Telephone Cord Stops Main Engine

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D Winsor
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Telephone Cord Stops Main Engine

Postby D Winsor » Sat May 12, 2018 3:17 pm

The investigation into a tanker grounding in the Seaway was caused by a Telephone Cord activating Emergency Shutdown of Main Engine
Excellent excuse for Big Red Button with a cover especially in the Wheelhouse.

http://www.cbc.ca/news/canada/ottawa/tsb-tanker-grounding-st-lawrence-1.4654968
Troubleshooting 101 "Don't over think it - K.I.S.S. it"

Revolver
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Re: Telephone Cord Stops Main Engine

Postby Revolver » Sat May 12, 2018 6:46 pm

It didn't say emergency shut down, just shut down.

And the alarm message was: slowdown alarm

This whole thing feels inadequate on many levels lol

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JK
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Re: Telephone Cord Stops Main Engine

Postby JK » Sun May 13, 2018 2:43 am

4 hour course to learn the system.
When will companies understand that their senior staff may not be as computer/automation system comfortable as the younger generation? As usual management skates away with a brief nod towards lack of training from TSB.
This should have been found during the sea trials or during the build. It leads to questions on how a not quite compliant control system is installed on a Class ship.

TSB
http://www.tsb.gc.ca/eng/rapports-repor ... 7c0108.asp

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D Winsor
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Re: Telephone Cord Stops Main Engine

Postby D Winsor » Sun May 13, 2018 4:38 pm

JK wrote:4 hour course to learn the system.
When will companies understand that their senior staff may not be as computer/automation system comfortable as the younger generation? As usual management skates away with a brief nod towards lack of training from TSB.
This should have been found during the sea trials or during the build. It leads to questions on how a not quite compliant control system is installed on a Class ship.


I agree JK. In many cases you are lucky to get any kind of equipment training course. Over my career I can count the number of training courses on new equipment, including control systems, I've taken on one hand and I wouldn't need all my digits to do it. In many cases I was just handed the instruction manuals, that are perfect cure for insomnia and told to "Read" them. If a course is offered, in many cases it is taught by an instructor, usually a system supplier technician with months of classroom time learning the system and its components or some other sort of "Talking Head", who looses the majority of the people including the tech savie ones, being taught 30 seconds after he/she said Good Morning. Once done the instructor walks away collects his/her fee and then everyone including the Company, & System Supplier/Console Designer, who allowed such a sensitive touch screen to be placed in such a vulnerable position in the first place, can say to Class and T/C that they did their "Due Diligence" by providing the necessary instruction, making the Operators "Fully Trained" in the operation of the system.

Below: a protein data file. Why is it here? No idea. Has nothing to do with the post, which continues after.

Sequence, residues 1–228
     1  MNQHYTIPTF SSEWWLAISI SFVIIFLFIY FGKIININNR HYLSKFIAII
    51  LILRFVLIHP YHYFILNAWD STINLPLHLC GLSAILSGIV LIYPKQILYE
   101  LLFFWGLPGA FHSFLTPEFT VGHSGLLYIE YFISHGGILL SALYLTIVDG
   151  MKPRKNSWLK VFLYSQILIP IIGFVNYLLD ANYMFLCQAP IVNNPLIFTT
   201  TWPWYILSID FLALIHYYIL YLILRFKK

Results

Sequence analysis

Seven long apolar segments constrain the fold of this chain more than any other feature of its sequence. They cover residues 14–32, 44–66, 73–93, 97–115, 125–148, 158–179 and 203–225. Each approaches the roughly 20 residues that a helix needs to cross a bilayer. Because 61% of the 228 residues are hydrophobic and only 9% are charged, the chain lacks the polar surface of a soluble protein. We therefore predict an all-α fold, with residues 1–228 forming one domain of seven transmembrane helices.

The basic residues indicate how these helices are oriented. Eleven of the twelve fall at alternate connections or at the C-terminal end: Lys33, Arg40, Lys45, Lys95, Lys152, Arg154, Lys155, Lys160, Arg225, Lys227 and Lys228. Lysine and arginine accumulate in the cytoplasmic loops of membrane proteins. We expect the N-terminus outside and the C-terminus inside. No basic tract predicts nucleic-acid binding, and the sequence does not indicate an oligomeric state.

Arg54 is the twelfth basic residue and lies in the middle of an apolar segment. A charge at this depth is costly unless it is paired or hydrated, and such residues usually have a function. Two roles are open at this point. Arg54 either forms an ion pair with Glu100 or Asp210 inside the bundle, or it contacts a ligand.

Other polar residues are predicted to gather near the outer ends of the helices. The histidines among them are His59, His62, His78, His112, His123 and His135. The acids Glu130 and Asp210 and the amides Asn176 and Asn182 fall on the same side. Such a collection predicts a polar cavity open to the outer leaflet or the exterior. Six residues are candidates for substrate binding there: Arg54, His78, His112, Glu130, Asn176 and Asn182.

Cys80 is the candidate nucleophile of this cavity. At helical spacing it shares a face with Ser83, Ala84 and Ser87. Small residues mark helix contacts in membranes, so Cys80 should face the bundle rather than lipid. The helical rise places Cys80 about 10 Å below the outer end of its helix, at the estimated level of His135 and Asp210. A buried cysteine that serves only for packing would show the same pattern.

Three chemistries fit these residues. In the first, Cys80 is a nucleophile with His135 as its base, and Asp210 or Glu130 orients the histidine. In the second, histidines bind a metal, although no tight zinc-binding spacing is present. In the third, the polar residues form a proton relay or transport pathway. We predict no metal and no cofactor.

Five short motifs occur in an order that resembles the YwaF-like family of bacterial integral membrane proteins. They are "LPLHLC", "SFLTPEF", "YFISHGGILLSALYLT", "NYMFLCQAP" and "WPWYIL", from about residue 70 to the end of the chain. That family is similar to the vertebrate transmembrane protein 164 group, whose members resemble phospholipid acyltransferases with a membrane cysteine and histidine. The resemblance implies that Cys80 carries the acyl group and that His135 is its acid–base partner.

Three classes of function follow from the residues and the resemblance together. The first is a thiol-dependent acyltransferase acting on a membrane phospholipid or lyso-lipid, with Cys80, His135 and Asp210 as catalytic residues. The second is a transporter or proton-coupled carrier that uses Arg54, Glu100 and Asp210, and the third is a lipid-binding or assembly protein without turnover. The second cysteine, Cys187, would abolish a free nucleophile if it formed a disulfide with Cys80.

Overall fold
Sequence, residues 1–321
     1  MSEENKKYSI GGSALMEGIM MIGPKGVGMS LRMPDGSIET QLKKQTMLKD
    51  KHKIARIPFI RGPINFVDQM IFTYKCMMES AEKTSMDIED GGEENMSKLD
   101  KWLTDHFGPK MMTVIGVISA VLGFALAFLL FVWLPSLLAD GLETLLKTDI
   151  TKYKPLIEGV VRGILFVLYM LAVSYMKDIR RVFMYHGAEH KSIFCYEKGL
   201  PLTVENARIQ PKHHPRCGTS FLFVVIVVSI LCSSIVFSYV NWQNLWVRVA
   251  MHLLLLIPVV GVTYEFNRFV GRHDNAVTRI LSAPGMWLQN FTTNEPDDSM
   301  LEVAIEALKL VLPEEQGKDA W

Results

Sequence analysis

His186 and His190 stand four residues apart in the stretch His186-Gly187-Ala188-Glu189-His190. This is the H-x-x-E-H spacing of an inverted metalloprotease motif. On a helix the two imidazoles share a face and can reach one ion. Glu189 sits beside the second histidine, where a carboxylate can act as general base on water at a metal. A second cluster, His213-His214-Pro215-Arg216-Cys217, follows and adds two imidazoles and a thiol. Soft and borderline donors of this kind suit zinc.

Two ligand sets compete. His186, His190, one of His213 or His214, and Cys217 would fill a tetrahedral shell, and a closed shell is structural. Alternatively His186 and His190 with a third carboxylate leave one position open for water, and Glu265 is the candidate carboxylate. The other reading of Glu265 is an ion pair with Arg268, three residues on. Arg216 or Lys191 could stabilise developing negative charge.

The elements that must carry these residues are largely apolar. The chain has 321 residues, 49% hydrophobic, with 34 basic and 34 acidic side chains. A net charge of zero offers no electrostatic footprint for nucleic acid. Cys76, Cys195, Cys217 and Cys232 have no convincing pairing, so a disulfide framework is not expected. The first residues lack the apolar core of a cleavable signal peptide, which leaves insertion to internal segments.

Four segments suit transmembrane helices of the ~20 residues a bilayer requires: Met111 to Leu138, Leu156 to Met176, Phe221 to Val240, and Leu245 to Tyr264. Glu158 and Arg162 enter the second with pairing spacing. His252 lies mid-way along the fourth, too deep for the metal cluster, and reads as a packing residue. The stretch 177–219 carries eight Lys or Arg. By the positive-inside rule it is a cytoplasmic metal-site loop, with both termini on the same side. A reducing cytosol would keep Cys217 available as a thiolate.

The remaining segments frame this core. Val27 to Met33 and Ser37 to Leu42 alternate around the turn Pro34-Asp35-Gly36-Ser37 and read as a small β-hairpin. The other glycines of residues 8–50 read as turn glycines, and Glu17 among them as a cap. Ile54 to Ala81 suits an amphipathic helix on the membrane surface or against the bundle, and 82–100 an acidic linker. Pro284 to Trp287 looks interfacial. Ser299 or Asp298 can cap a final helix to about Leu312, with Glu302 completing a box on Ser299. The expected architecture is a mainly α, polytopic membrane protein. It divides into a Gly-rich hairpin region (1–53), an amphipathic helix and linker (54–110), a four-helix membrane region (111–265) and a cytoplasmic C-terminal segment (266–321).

I would also hate to see what would happen if the Captain, Pilot or other bridge crew happened to, spill tea or coffee on the console, or in the dark lay something on or brush the touch screen reaching to answer the telephone or VHF Radio

Does anyone have a Plexiglas Cover slightly larger than the touch screen and couple of brass hinges?
Troubleshooting 101 "Don't over think it - K.I.S.S. it"

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Big Pete
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Re: Telephone Cord Stops Main Engine

Postby Big Pete » Tue May 15, 2018 11:01 am

I feel old reading this, didn't there used to be something in the Rgs Requiring a definite positive action to activate Emergency stops?
If a phone cord brushing over it activates it, what about a fly landing on the screen?
Just because you can put a hundred different functions on one touch screen at a fraction of the cost of having mechanical switches it doesn't always mean that it is better.
BP
It is always better to ask a stupid question than to do a stupid thing.

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Merlyn
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Re: Telephone Cord Stops Main Engine

Postby Merlyn » Thu May 17, 2018 1:56 am

My take on this draws comparisons to way back on my entry to the trade, new stiff overhauls on, new shiny six inch rule in the top pocket, leaning over the side to look at something alongside and out slides the rule straight into the briny and never to be seen again.
Did this twice before learning my lesson.
The modern day take on this?
I envisage someone ( a smoker ) leaning over to look at the small screen, out of his top pocket goes the Woodbine packet and guess what?
All stop.
Ship runs into another one / pier/ aground and this reminds me of what dear old Mum used to tell me how smoking was bad for you.
She never envisaged a all stop situation down below though.
Maybe the touch screen ought to be operated on a double tap application if indeed this was the source of the total shutdown.
Or revert back to a long series Bowden cable running to the stop control on the pump.
Remembering The Good Old days, when Chiefs stood watches and all Torque settings were F.T.


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